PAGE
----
Keep Your Word: How to Keep the Iran Deal Healthy
By Center board chair Lt. General Robert Gard
In his State of the Union address on January 29, 2002, Bush anointed North Korea, along with Iran and Iraq, as a charter member of an “axis of evil.” Consistent with Vice President Dick Cheney’s statement that “We don’t negotiate with evil, we defeat it,” the Bush administration, for the remainder of its first term, conditioned its willingness to negotiate with North Korea on the “complete, verifiable, irreversible dismantlement” of its nuclear program. In other words, Washington began negotiations with an ultimatum, leaving very little room in the process for true dialogue. This gave North Korea less incentive to come to the bargaining table—harsh rhetoric and inflexible demands would limit the regime’s ability to find a mutually agreeable outcome.
The United States continued to reject overtures from North Korea; instead, Washington watched while Pyongyang produced plutonium for several weapons and developed its uranium enrichment facility. On February 10, 2005, North Korea announced that it had produced nuclear weapons, apparently capturing the administration’s attention. In a complete turnaround, the Bush administration agreed to a Statement of Principles in September of that year, which included provisions for “coordinated steps … in a phased manner in line with the principle of ‘commitment for commitment, action for action,’ ” a position consistent with more traditional diplomacy.
The milestone Statement of Principles reaffirmed the goal of the six-party talks as the “verifiable denuclearization of the Korean Peninsula.” In it, North Korea committed “to abandoning all nuclear weapons and existing nuclear programs” and returning to the Nuclear Non-Proliferation Treaty, which included safeguards of the North Korean nuclear program administered by the International Atomic Energy Agency (IAEA). In addition, the six parties agreed to “promote economic cooperation … bilaterally and/or multilaterally,” and the United States and North Korea agreed to “respect each other’s sovereignty.”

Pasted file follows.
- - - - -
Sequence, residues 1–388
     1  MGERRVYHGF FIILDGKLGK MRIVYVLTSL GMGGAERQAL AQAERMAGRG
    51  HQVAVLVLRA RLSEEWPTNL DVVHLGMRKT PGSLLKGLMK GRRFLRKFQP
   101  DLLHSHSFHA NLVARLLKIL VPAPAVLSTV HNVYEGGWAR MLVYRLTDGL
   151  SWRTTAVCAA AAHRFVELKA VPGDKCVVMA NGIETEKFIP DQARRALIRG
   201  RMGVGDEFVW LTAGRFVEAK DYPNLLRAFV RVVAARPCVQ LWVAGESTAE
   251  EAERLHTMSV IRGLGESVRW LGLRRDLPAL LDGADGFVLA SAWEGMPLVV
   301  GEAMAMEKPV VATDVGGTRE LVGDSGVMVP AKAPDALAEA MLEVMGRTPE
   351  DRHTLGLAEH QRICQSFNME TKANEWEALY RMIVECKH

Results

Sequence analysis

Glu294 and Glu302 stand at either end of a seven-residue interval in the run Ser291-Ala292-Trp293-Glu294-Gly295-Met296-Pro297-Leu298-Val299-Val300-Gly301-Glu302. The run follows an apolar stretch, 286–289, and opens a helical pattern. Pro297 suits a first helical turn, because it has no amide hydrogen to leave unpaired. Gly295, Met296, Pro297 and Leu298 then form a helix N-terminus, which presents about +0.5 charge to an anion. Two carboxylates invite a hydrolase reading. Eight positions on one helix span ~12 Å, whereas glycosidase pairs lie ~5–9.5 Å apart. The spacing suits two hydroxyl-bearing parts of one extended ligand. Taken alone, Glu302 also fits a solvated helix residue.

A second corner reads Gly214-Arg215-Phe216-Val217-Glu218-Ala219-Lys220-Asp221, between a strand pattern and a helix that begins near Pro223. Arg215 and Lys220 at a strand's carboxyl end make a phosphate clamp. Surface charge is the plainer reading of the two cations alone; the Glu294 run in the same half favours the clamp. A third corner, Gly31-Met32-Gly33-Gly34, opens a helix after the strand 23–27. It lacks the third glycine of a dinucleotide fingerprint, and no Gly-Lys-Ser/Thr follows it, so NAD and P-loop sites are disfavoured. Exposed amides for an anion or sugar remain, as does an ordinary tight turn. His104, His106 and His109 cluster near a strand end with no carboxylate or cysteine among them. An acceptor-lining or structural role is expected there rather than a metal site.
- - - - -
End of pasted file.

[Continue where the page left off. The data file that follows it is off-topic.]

Yet almost simultaneously, the United States took action to freeze about $25 million of North Korean funds deposited in a bank in Macau, in clear violation of its commitment to economic cooperation. The move was understandably interpreted by North Korea as a hostile act inconsistent with respecting its sovereignty, leading Pyongyang to suspend its participation in the next round of the six-party talks pending release of its funds. Tensions rose in 2006 with an exchange of threats between the United States and North Korea, and the Bush administration refused to engage in direct talks proposed by Pyongyang. On July 5, North Korea conducted a failed test of a long-range missile. The United States then tightened financial sanctions on North Korea and urged other nations to be wary of doing business with it. On October 9, 2006, North Korea conducted an underground test of a very low-yield nuclear device.